Kirsten Holz and Sarissa Montague say civil case possible after criminal charges dropped in dog attack case

Criminal defense attorneys Kirsten Holz and Sarissa Montague say a civil case may be possible against the owner of two dogs who attacked and severely injured a boy last month after a Montcalm County Prosecutor dropped criminal felony charges.

In May, two pit bulls attacked a 5-year-old boy, who was at his grandmother's house in Winfield Township when the incident happened. The boy was playing in the front yard with his little sister when his mother said two pit bulls jumped out of the owner’s van from across the street and attacked her son, according to WZZM 13. The mother said her son suffered broken bones in his face and has undergone several surgeries so far.

On Tuesday, May 31, Montcalm County Prosecuting Attorney Andrea Krause dismissed the charges, ruling state statute holds that the owner can't be held responsible for what happened because there was no proof the dogs have an aggressive past.

“After further investigation and review of applicable case law, the following is the current state of the law – The Michigan Court of Appeals has held that this charge is not a strict liability offense; rather, the statute requires proof that the owner knew that his animal was a dangerous animal within the meaning of the dangerous animal statute prior to the incident," Krause told WZZM 13, explaining there is no evidence to prove that the defendant knew that his dogs were “dangerous animals” under the statute.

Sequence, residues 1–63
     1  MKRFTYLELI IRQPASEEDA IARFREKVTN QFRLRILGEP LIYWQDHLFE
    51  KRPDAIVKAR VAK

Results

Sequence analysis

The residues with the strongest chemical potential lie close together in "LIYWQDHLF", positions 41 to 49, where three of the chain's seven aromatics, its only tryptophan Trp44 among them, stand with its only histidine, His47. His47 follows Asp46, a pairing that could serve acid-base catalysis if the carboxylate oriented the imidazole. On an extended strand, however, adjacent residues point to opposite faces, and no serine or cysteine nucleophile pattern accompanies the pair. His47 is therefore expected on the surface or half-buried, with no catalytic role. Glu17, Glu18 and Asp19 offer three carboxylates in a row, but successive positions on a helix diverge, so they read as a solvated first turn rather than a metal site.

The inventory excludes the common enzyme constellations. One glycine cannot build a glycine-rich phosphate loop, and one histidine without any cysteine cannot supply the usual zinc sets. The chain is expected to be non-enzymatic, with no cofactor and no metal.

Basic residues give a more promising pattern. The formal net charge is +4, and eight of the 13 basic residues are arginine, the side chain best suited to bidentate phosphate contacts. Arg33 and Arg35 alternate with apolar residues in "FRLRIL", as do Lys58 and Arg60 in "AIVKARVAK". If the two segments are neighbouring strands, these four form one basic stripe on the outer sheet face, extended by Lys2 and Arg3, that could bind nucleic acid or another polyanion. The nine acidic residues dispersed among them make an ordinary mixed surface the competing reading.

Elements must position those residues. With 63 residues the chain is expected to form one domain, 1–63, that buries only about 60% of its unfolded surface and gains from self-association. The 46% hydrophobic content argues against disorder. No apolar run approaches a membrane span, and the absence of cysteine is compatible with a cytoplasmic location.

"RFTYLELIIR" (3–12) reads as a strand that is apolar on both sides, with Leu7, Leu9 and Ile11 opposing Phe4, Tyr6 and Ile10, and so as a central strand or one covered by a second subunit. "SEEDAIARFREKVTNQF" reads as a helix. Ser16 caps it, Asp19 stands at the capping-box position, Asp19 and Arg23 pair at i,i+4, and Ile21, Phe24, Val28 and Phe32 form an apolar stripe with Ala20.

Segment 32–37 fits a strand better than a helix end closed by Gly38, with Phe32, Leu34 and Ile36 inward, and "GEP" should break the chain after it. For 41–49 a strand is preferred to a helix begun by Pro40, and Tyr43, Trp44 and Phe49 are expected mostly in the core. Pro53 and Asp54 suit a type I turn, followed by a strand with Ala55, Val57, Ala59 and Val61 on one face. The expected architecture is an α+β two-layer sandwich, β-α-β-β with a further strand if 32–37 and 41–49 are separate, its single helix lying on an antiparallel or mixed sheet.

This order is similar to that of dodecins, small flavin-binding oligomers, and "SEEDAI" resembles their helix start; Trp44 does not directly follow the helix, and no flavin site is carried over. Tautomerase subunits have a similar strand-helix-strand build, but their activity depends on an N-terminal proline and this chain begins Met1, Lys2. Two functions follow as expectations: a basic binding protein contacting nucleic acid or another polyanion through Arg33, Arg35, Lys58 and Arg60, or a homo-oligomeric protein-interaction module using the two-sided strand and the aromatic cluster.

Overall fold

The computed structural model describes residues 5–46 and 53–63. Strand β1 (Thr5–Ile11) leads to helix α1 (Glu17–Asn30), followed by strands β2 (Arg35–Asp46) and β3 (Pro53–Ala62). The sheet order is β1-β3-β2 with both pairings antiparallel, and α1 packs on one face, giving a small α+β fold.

The boy’s mother said she was shocked and angry when she heard the news, the day before the family was scheduled to attend a probable cause conference in Montcalm County court,

"It's always hard to second guess charging decisions," Holz told WZZM 13 during her interview.

Holz said while the statute should've been considered before the felony charges were filed, she believes that this decision came down at the appropriate time before more formal hearings began.

“Accidents happen and things are overlooked. And evidence can change, certainly, as a case continues on and is investigated,” she said in her interview.

“It's not common for something like that to happen,” Montague told WZZM 13.

While fairly uncommon, Montague said this isn't the first time she's seen charges dismissed in a situation like this.

"The constitution was put into place in order to protect people who are charged with offenses. Statutes are in place in order to make sure that people who have engaged in wrongdoing can be held accountable," said Montague. "And sometimes, the balance of those things appears not to be fair necessarily, or to the common person, appears not to be right."

Holz and Montague explained that civil lawsuits often move forward, while a criminal case does not.

Read the full story, here.

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